Infrastructure at your Service

Mouhamadou Diaw

Backup and Restore PostgreSQL with PgBackRest II

In a precedent blog I shown a basic utilization of PgBackRest which is a tool to backup and restore PostgreSQL databases. In this blog I am going to talk some useful features of this tool. In practical examples we will see some tasks we can do with this tool. Of course the official documentation remains the best source of knowledges.

Encryption
Nowadays encryption of backups is very critical and is mandatory for many companies. PgBackRest allows us to encrypt the repository where backups are stored. A passphrase is used to encrypt/decrypt files of the repository. As you may already know, it is recommended to use a strong passphrase. In the following demonstration we use the openssl to generate a passphrase.

[postgres@pgserver ~]$ openssl rand -base64 48
FhXg7oW2pZb9UICZ4iYZPn3X4I6fF0ni7IL6QjaB1IL8qz4LIrP+GW+XqCZqIi3w
[postgres@pgserver ~]$

Once the passphrase generated, we can update the PgBackRest configuration file with
2 options: repo-cipher-pass and repo-cipher-type

[postgres@pgserver clustpgserver]$ cat /etc/pgbackrest.conf
[global] repo-path=/var/lib/pgbackrest
repo-cipher-pass=FhXg7oW2pZb9UICZ4iYZPn3X4I6fF0ni7IL6QjaB1IL8qz4LIrP+GW+XqCZqIi3w
repo-cipher-type=aes-256-cbc
[clustpgserver] db-path=/var/lib/pgsql/10/data
retention-full=2

The next step is to create the stanza

[postgres@pgserver ~]$ pgbackrest --stanza=clustpgserver --log-level-console=info --db-port=5435 stanza-create
2018-02-13 13:54:50.447 P00 INFO: stanza-create command begin 1.28: --db1-path=/var/lib/pgsql/10/data --db1-port=5435 --log-level-console=info --repo-cipher-pass= --repo-cipher-type=aes-256-cbc --repo-path=/var/lib/pgbackrest --stanza=clustpgserver
2018-02-13 13:55:04.520 P00 INFO: stanza-create command end: completed successfully
[postgres@pgserver ~]$

As we can see the system automatically detect that the repository is encrypted and then will rewrite the command including the –repo-cipher-pass and the –repo-cipher-type options. After the creation of the stanza we can check the status of our stanza

[postgres@pgserver ~]$ pgbackrest --stanza=clustpgserver --log-level-console=info --db-port=5435 check
2018-02-13 13:56:08.999 P00 INFO: check command begin 1.28: --db1-path=/var/lib/pgsql/10/data --db1-port=5435 --log-level-console=info --repo-cipher-pass= --repo-cipher-type=aes-256-cbc --repo-path=/var/lib/pgbackrest --stanza=clustpgserver
2018-02-13 13:57:08.026 P00 INFO: WAL segment 00000002000000000000004C successfully stored in the archive at '/var/lib/pgbackrest/archive/clustpgserver/10-1/0000000200000000/00000002000000000000004C-f5ced60cd351d74a91c9ce2e913b761144165e28.gz'
2018-02-13 13:57:08.030 P00 INFO: check command end: completed successfully

Everything seems fine, so let’s run a backup. Note that outputs are truncated

[postgres@pgserver ~]$ pgbackrest --stanza=clustpgserver --log-level-console=info --db-port=5435 backup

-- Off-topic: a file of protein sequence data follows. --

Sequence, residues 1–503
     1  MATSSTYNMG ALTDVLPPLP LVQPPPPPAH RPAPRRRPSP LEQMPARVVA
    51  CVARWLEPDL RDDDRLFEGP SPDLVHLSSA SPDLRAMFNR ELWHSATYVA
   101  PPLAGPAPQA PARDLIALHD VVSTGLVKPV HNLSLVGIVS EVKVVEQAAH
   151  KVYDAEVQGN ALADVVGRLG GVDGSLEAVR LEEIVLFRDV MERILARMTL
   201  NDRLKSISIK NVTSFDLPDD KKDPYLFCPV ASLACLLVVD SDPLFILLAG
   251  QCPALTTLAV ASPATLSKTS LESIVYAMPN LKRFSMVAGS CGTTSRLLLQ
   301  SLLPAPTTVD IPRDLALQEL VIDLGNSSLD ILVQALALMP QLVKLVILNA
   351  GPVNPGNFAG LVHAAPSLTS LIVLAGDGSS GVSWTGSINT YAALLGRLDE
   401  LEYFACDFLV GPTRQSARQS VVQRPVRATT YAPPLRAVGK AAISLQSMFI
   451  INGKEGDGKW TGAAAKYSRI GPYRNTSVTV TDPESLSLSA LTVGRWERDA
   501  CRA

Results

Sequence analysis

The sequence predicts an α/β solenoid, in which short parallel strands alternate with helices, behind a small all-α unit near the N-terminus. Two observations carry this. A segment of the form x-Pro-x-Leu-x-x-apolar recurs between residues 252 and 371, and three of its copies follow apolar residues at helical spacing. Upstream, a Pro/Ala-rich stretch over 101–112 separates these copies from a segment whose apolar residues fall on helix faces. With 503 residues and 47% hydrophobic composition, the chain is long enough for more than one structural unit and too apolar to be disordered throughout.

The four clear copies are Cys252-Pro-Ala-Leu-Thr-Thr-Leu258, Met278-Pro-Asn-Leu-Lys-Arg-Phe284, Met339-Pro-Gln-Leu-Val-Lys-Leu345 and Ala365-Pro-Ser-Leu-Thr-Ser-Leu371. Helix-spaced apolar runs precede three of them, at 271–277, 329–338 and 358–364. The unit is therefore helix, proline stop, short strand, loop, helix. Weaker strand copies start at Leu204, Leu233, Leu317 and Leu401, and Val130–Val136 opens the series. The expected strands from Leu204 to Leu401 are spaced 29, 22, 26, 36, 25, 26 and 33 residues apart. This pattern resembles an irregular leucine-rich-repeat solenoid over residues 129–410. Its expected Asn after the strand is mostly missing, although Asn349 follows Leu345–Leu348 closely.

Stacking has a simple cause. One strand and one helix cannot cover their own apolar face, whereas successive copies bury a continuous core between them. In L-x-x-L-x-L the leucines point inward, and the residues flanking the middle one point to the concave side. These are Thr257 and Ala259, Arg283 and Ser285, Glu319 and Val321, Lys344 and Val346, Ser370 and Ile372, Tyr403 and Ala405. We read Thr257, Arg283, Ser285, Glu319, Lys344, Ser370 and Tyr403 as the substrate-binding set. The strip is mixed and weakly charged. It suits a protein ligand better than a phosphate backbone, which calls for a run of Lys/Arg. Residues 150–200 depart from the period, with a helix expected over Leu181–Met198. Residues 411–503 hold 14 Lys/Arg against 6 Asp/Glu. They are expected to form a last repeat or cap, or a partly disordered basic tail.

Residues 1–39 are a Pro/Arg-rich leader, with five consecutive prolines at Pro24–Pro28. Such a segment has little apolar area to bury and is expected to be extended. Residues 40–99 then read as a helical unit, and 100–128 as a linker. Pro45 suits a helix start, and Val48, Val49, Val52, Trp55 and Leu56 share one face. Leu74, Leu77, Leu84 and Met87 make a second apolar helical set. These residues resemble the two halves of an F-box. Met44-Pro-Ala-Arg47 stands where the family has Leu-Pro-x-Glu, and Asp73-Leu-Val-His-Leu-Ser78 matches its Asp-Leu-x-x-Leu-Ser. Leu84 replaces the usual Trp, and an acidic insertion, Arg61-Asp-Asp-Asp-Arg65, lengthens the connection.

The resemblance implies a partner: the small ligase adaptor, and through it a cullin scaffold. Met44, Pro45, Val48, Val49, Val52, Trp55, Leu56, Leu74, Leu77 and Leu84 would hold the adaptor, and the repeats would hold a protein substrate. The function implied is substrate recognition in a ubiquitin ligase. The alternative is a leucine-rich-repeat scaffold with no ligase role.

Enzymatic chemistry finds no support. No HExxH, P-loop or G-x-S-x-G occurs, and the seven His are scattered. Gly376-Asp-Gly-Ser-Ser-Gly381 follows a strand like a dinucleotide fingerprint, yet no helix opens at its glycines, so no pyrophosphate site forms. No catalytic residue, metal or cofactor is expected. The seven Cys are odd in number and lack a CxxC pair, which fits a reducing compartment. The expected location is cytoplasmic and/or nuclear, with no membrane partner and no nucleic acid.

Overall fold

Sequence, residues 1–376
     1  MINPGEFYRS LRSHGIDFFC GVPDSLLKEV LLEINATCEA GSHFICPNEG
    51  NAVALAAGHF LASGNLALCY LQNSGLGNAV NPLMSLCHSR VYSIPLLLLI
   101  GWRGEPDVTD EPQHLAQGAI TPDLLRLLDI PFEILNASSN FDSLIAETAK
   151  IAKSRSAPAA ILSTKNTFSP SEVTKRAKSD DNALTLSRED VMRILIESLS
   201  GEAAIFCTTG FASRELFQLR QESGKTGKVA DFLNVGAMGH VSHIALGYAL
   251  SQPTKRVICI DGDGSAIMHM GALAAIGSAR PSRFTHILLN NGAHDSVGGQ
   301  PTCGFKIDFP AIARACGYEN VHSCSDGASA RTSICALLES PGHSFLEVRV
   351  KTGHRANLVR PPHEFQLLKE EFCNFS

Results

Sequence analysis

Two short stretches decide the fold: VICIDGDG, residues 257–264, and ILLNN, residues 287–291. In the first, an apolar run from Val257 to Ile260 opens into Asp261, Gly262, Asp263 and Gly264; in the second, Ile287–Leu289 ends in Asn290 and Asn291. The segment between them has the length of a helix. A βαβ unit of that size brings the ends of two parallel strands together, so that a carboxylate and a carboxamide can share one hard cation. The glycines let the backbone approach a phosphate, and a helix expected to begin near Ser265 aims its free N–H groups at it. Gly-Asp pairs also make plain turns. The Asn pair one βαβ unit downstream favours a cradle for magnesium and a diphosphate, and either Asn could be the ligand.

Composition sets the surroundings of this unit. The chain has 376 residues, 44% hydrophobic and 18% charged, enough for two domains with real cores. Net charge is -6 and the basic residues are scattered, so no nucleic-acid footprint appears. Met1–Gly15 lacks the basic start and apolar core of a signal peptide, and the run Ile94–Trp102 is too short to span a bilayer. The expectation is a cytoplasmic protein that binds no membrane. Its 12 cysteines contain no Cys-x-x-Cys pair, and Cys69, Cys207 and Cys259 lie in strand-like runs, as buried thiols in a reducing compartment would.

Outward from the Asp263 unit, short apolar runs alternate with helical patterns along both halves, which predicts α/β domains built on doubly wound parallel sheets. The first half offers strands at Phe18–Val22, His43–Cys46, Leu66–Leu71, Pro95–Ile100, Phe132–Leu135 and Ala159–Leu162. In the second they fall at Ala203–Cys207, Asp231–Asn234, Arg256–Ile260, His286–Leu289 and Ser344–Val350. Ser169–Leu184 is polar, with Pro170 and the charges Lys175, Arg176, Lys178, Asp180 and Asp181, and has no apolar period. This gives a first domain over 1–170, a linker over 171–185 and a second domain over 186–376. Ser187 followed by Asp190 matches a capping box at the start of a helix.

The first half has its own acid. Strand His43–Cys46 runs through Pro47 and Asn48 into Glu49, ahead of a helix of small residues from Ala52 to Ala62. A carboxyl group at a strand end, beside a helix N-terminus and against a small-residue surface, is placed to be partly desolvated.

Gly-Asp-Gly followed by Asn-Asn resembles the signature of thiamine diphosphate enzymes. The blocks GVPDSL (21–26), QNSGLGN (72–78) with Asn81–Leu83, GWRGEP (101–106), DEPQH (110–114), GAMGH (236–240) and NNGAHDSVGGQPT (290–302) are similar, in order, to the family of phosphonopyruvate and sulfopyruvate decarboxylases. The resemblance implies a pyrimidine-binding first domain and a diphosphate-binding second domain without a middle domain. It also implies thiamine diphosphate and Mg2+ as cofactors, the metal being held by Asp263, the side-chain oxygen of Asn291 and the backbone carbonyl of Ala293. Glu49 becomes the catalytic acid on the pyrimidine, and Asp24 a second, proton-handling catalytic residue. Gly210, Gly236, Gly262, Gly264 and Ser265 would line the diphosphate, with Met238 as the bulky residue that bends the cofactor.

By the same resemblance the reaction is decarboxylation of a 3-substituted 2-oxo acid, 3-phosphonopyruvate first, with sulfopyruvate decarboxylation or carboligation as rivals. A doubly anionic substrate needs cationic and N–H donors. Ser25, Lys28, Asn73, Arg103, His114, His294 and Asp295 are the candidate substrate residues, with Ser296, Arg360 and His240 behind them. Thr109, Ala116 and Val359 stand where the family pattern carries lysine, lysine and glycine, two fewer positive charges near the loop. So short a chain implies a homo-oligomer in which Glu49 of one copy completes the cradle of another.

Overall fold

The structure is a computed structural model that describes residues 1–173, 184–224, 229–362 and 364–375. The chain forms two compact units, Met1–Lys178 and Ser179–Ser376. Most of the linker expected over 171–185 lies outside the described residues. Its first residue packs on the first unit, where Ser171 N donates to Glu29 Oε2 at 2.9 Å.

2018-02-13 14:01:40.012 P00 INFO: backup command begin 1.28: --db1-path=/var/lib/pgsql/10/data --db1-port=5435 --log-level-console=info --repo-cipher-pass= --repo-cipher-type=aes-256-cbc --repo-path=/var/lib/pgbackrest --retention-full=2 --stanza=clustpgserver
WARN: no prior backup exists, incr backup has been changed to full
2018-02-13 14:01:54.118 P00 INFO: execute non-exclusive pg_start_backup() with label "pgBackRest backup started at 2018-02-13 14:01:52": backup begins after the next regular checkpoint completes
...
type=aes-256-cbc --repo-path=/var/lib/pgbackrest --retention-archive=2 --retention-full=2 --stanza=clustpgserver
2018-02-13 14:35:08.281 P00 INFO: full backup total < 2 - using oldest full backup for 10-1 archive retention
2018-02-13 14:35:08.801 P00 INFO: expire command end: completed successfully
[postgres@pgserver ~]$

In a non-encrypted repository, file backup.info can be read. Now with encryption the if we try to read the file backup.info in the repository, we cannot.

[postgres@pgserver clustpgserver]$ less /var/lib/pgbackrest/backup/clustpgserver/backup.info
"/var/lib/pgbackrest/backup/clustpgserver/backup.info" may be a binary file. See it anyway?

And using the command strings, we can see that the file is encrypted.

[postgres@pgserver clustpgserver]$ strings /var/lib/pgbackrest/backup/clustpgserver/backup.info
Salted__Fx
.;Ru
cz4@
do:t
\pi3"E
VUSO
}a.R*
Wx5M
,?,W
3CXWB
[postgres@pgserver clustpgserver]$

From now, backups cannot be used unless the password is provided.

Restore in another location
PgBackRest allows to restore to another location. This can be useful if we want to duplicate our cluster on the same server or to another server. In the following demonstration, let’s duplicate on the same server.
The data directory of the source cluster is /var/lib/pgsql/10/data

postgres=# show data_directory;
data_directory
------------------------
/var/lib/pgsql/10/data
(1 row)
postgres=#

To duplicate to a new data directory /u01/devdata for example, the option –db-path is used

[postgres@pgserver log]$ pgbackrest --stanza=clustpgserver --log-level-console=info --db-path=/u01/devdata restore


2018-02-14 09:40:05.755 P01 INFO: restore file /u01/devdata/base/1/13657 (0B, 100%)
2018-02-14 09:40:05.773 P01 INFO: restore file /u01/devdata/base/1/13652 (0B, 100%)
2018-02-14 09:40:05.811 P01 INFO: restore file /u01/devdata/base/1/13647 (0B, 100%)
2018-02-14 09:40:05.983 P01 INFO: restore file /u01/devdata/base/1/13642 (0B, 100%)
2018-02-14 09:40:06.067 P00 INFO: write /u01/devdata/recovery.conf
2018-02-14 09:40:14.403 P00 INFO: restore global/pg_control (performed last to ensure aborted restores cannot be started)
2018-02-14 09:40:30.187 P00 INFO: restore command end: completed successfully

After the duplicate don’t forget to change the port (as we are in the same server) and then start your new cluster

postgres=# show data_directory ;
data_directory
----------------
/u01/devdata
(1 row)
postgres=#

Restore specific databases
With PgBackRest, we can restore specific user databases. Note that built-in databases (template0, template1 and postgres) are always restored.